was people. About 30 minutes later the first large calibre gun shot went off, it was in our direction so suddenly we thought we were being shot at, it was pretty scary. We had to make a decision fast about what to do as it was towards the end of the day and you don’t want to be moving through the jungle there at night it’s just too dangerous. Forest elephants are everywhere and they don’t ask questions about what happening the charge and I know of several people who have been killed by them and had many close calls myself. But we had to
leave, there was a second gunshot again in our direction but this time I was pretty sure it was poachers taking an Elephant. It’s just not worth the risk to stay and see if there are going to come at us as they knew we were there already and clearly not frightened of our presence so we packed up fast and went for it. It was a 2-hr trek as dusk and night fell from the nearest camp where we knew we’d be safe and could alert the anti-poaching patrol. I’ve been in a few situations like that over the years and they are scary but you just have to stay calm and make the safest and most logical decision, and safety was paramount. We left most of the big equipment stayed together as a group, moved fast but carefully through the jungle listening in case of elephants and managed to get back to camp, it’s when you get somewhere and the adrenaline wears off that it sets in what happened and the risk and also the knowledge that the bull elephant id been watching relaxed and beautiful in the bai over the last week had just lost its life. We were lucky, sadly the poachers escape from the bai with the ivory. It a very tough situation for elephants and lots of wildlife around the world at the moment, we made sure we documented the event in the hope that it raises awareness that these amazing places and animals are all in a v delicate situation and hopefully raise awareness.
The wildlife filmmaking industry requires a lot of travelling. How has the COVID-19 pandemic affected the industry?
It’s been pretty devastating tbh, myself personally from having probably the busiest several years of booking lined up, everything was immediately cancelled. For the first uk lockdown I didn’t do a day’s work in 7 straight months. And jobs keep falling away depending on the countries they are in, travelling has become harder I spend my time either working or inquarantine, it’s the only way to be honest. None of us want to risk infecting anybody else or catching it. Even when home I stay fairly isolated as need to be able to work so I just can’t risk not being able to travel. Financially for many of us in the industry and other industries it’s been incredibly tough. I’ve been lucky to be working on and off since September, and we test regularly, wear masks and socially distance. I’m writing this while in quarantine in Zambia, waiting to be able to carry on filming my Dynasties Season 2 Cheetah film.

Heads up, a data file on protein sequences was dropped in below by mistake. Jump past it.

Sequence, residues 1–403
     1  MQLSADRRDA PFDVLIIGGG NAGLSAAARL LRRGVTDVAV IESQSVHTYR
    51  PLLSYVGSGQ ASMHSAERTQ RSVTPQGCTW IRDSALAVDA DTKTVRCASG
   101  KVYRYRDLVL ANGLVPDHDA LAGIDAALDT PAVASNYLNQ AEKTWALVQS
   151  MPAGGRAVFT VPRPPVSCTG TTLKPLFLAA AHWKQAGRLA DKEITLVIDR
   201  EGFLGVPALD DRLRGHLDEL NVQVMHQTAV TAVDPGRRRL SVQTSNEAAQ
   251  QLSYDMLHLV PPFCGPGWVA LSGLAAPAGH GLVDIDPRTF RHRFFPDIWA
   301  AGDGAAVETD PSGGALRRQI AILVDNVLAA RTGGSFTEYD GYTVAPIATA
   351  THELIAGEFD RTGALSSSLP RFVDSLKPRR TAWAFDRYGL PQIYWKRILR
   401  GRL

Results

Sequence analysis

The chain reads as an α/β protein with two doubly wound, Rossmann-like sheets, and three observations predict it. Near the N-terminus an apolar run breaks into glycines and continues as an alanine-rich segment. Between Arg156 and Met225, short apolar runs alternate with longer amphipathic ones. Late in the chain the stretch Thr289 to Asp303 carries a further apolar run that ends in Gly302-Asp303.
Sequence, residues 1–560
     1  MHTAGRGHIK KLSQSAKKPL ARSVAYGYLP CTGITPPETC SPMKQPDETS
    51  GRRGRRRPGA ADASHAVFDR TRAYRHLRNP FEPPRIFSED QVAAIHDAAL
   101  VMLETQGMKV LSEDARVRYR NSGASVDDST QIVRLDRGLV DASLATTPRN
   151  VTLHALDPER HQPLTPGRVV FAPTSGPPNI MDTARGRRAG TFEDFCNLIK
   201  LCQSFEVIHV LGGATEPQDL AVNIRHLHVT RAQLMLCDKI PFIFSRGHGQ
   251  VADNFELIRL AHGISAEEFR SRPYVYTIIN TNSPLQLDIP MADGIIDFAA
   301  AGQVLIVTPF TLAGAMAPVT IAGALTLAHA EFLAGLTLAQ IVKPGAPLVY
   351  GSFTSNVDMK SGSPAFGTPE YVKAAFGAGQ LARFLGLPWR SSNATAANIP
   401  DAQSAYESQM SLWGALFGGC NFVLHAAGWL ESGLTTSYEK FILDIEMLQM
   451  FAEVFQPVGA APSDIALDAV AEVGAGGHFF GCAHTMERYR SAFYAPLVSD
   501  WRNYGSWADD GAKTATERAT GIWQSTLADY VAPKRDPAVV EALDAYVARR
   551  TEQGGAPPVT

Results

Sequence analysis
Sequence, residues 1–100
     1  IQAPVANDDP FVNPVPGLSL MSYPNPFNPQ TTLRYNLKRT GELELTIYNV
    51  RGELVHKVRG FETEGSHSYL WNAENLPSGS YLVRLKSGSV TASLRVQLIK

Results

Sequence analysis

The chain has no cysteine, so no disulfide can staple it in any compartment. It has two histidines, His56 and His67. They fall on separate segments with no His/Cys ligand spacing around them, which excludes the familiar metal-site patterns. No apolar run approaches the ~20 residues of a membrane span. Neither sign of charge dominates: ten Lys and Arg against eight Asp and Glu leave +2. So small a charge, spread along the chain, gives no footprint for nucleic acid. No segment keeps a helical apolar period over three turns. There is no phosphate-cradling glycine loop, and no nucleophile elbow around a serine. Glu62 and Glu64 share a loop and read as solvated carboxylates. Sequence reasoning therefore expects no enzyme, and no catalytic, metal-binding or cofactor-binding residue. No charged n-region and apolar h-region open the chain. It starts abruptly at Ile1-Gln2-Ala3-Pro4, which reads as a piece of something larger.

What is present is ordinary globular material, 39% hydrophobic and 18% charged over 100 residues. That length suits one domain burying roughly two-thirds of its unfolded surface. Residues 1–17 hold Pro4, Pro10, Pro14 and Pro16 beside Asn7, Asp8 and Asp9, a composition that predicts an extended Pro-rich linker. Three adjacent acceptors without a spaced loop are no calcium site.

You have filmed numerous species in different habitats and won multiple awards. What new species would you like to film in your future projects? And what is your next location?
I’m really interested in character led Stories, I particularly like the Dynasties strand as it’s the only avenue of filming I know of, that is big budget and invested in following individual animals’ stories, real wildlife dramas.
There are other series and companies trying to replicate it that I know of but none of them are following that one character they are filming animals in multiple countries and editing it together to appear like that, which misses for me what makes dynasties so special to me. To film like that you invest so much of yourself and you get to know that individual so well that you feel like you have a bond, its so honest, the hardest part is when the film is over and
you have to say good bye to the animals you’ve spent several years following, when I think about the cheetah I’ve been following for this season of Dynasties I feel emotional, she’s such a special animal, it’s like saying goodbye to a friend. I think it’s what makes it so personal and special for me. And I have a future project already lined up to DOP along those lines as well as series like Planet Earth 3.
My next location is Zambia and then Morocco.
Mark MacEwen on the Left with Rob Whitworth and John Aitchison BAFTA awards 2017.
Interview by, Jaume Martín